So, The Atlantic fired conservative writer Kevin D. Williamson this week. Many criticized Editor Jeffrey Goldberg when he hired Williamson last month because of his anti-abortion views – views he expressed clearly in a 2014 Twitter exchange where he likened abortion to any other premeditated homicide deserving of a similar punishment up to and including hanging – but the Atlantic editor defended his choice citing a desire for ideological diversity.
The New York Times reported that in a staff memo dated Thursday, Goldberg said he remained committed to maintaining ideological diversity among his stable of opinion writers.
“We are striving here to be a big-tent journalism organization at a time of national fracturing. We will continue to build a newsroom that is, as The Atlantic’s founding manifesto states, ‘of no party or clique.’ We are also an organization that values a spirit of generosity and collegiality. We must strive to uphold that standard as well.”
Here here. I’m not on the hitch ‘em high wagon hollering, why did you hire Williamson in the first place? While I might not have made the same editorial choice in this particular case – before my devil’s advocate journalist response kicks in, I tend to believe tweets; knee jerk reactions are often accurate representations of someone’s unconscious beliefs – I do support Goldberg’s defense of his actions that you can’t judge someone by one tweet or even a series of tweets that are years old.
It may not be common, but views do change. People grow up, or they grow period. However, after a podcast emerged where Williamson expounded on his views, Goldberg probably realized that his new hire had told him what he wanted to hear convincingly enough that the editor felt comfortable taking a risk to bring on what he believed to be a prolific and gifted writer.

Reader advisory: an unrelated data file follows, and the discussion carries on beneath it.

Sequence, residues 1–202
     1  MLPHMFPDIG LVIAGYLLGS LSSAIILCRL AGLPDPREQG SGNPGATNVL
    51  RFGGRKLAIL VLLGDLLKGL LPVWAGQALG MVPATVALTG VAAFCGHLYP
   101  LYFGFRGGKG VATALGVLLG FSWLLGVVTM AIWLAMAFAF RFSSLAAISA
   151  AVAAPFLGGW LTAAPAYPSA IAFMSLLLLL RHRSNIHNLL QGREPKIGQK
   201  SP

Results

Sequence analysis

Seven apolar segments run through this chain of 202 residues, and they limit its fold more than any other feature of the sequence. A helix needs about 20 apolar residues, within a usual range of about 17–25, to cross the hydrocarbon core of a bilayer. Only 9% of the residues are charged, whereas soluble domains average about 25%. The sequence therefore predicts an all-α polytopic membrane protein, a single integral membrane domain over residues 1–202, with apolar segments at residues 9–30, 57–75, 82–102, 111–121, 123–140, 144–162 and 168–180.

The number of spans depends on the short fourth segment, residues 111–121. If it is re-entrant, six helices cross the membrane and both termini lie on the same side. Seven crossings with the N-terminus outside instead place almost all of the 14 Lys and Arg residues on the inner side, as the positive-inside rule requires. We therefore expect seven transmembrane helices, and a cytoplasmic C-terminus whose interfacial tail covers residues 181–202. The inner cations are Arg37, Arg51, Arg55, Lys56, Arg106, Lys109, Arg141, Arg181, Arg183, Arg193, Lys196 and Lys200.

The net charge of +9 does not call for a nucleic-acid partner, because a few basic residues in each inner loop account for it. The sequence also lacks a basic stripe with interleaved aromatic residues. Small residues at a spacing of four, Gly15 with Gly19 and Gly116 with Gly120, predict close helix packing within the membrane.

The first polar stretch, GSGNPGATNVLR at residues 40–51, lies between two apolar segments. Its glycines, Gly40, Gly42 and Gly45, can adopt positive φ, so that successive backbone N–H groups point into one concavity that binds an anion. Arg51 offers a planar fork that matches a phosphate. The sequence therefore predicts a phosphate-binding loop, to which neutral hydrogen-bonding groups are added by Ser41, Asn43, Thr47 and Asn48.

“The tweet was not merely an impulsive, decontextualized, heat-of-the-moment post, as Kevin had explained it,” Mr. Goldberg wrote. “Furthermore, the language used in the podcast was callous and violent. This runs contrary to The Atlantic’s tradition of respectful, well-reasoned debate, and to the values of our workplace.”
Boom. I can’t speak with any certainty on his motivations, but Goldberg may have identified a hole in The Atlantic’s coverage that he hoped Williamson would fill. It makes sense, since he clearly positions the decision to fire Williamson as an editorial one when he references the publication’s values. Beyond that, this is nothing more than a leader making a bad hire. I’ve been there.
When I was an editor I made a huge hiring mistake. Looking back, I don’t believe I would have done anything different either. I thoroughly vetted her credentials. I called her references, I carefully reviewed her writing samples, I weighed her against our roster of top candidates, and I had my team take part in the interview process. Further, I did not ever explicitly say, I want this person on our staff. In fact, I made the deliberate choice not to advocate for her because I didn’t want to unduly influence my team. I wanted them to make the choice.
But I did want to hire her because I wanted her in particular to have a chance. Ultimately, I lived to regret it. She turned out to be the worst direct report I’ve ever had. But that wasn’t because she was stupid or without talent. And I say that because nothing I’ve read stated that Williamson was a bad writer. Goldberg obviously saw something promising in the man. Perhaps it was that even though he is conservative, he has been openly critical of the President. The suggests a diverse palette even though he leans toward one ideology.